Montego Bay, Jamaica: The place to get high on Carribbean sunshine

Jamaica is glistening. Near Montego Bay's beachfront, sweat pops on the brow of local Alicia Hines as she tries to teach us patois. After all, a little patois can go a long way, as former US President Barack Obama discovered when he greeted Jamaicans with "Wa gwan" – which translates as "What's going on?" Try as we might, we don't sound the least bit Jamaican. Hines throws back her head, laughing at our pronunciation and confusion over the language's flexibility. "In patois, there are no rules," she explains in her sing-song way. "Patois is just a beautiful language that can be spelled whatever way you want."

There's certainly a loose anything-goes vibe to this Caribbean island that makes it feel completely different to the Bahamas on the other side of Cuba. Beyond Hines' shoulders, the sea glitters. Before we can wade into that water, though, our group has a date with some Rastafarians.

It's the first full day of Intrepid's eight-day Best of Jamaica tour. Nine of us, drawn from Australia, the US, Norway and Switzerland, try not to do a double-take when a guy trundles past with a cart selling "reggae brownies". It's perfect preparation, though, for the Rastafari Indigenous Village outside town. After Queen Berhan, a village guide, leads us across a shallow river, explaining the medicinal use of plants along the way, we reach our red-eyed, dreadlocked hosts. They put down their doobies long enough to explain their philosophy and the importance of the herb ("It's a key that opens up your mind"), to make a little music on their drums and to half-heartedly sell us souvenirs.

Back in Montego Bay (also known as Mo Bay), we make a beeline for Doctors Cave Bathing Club. The beach club is on Gloucester Avenue – the city's so-called "hip strip" – and a hop and a skip from our no-frills hotel. For a mere $US6 admission, we suddenly feel like the moneyed set that's been jetting into Jamaica for decades. Author Ian Fleming wrote all 14 of his James Bond novels at his estate near Ocho Rios to the east. In Kingston on the south coast, the Rolling Stones and other musical luminaries have frequented the Terra Nova, a boutique hotel fashioned from the former home of Chris Blackwell, the producer who discovered Bob Marley and founded Island Records.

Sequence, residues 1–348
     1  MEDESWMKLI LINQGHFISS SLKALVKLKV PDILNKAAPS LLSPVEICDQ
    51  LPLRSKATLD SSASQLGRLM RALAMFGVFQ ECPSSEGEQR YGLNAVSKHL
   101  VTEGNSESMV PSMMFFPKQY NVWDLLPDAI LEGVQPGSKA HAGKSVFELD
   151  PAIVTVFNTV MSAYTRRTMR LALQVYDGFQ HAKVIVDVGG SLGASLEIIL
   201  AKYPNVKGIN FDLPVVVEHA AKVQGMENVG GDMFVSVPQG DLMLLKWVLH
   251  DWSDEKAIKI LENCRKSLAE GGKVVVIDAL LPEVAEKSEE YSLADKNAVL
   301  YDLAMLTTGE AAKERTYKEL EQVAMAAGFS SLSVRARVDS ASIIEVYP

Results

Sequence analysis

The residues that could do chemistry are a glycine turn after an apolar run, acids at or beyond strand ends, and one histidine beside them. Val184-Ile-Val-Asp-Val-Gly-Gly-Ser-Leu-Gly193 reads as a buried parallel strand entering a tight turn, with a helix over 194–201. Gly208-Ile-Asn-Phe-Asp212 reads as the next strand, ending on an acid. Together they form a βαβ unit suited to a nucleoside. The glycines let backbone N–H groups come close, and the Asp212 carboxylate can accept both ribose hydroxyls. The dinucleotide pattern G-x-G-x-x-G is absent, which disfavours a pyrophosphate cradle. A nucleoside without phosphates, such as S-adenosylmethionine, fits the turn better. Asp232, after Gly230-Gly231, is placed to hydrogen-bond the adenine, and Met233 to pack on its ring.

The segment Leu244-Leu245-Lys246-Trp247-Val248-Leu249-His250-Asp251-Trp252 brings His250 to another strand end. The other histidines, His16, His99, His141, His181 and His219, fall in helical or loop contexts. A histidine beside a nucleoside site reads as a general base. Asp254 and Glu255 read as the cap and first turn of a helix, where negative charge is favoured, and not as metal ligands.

We splash out on deckchairs and umbrellas, and summon a waitress, who is dressed in a crisp white shirt, navy shorts and tennis shoes, to bring us a round of pina coladas. "Let's swim to the pontoon!" says one of my companions, high on an intoxicating mix of cocktails and Caribbean sunshine.

Yes, it feels good to be in free-wheeling Jamaica, even though the country comes with an edge. High fences and guard dogs protect many homes. Hotels station guards in their foyers. Our guide, Andrew Brooks, warns us about the parts of town to avoid after dark. We buddy up for after-dark wanderings.

Word is that the hottest place to eat in town is KFC but we head to Pier 1, an open-air restaurant that packs away the furniture after dinner to transform into a disco. The women are all strut while the heavy-lidded men don't do very much at all. Our Norwegian cracks up everyone with his high-speed dance moves.

Our Norwegian also has a beautiful way of describing our swim at Glistening Waters Luminous Lagoon, 37 kilometres away. We slip out into the darkness by boat but only some of us jump in to activate the bioluminescence. The water is shallow – our tippy toes can just touch the lagoon's spongy bottom. We swish our arms to become glow angels catching stars in our hands. "It's an electric disco," says our Nordic party boy.

Who needs a disco ball when Jamaica is blessed with so much sparkle? Nature shimmers at Mayfield Falls – a location so remote that our driver needs directions to find the blissful series of cascades (Intrepid's tour now incorporates another waterfall, Dunns River Falls, where hordes of visitors link hands and form a human chain to clamber up the slippery rocks).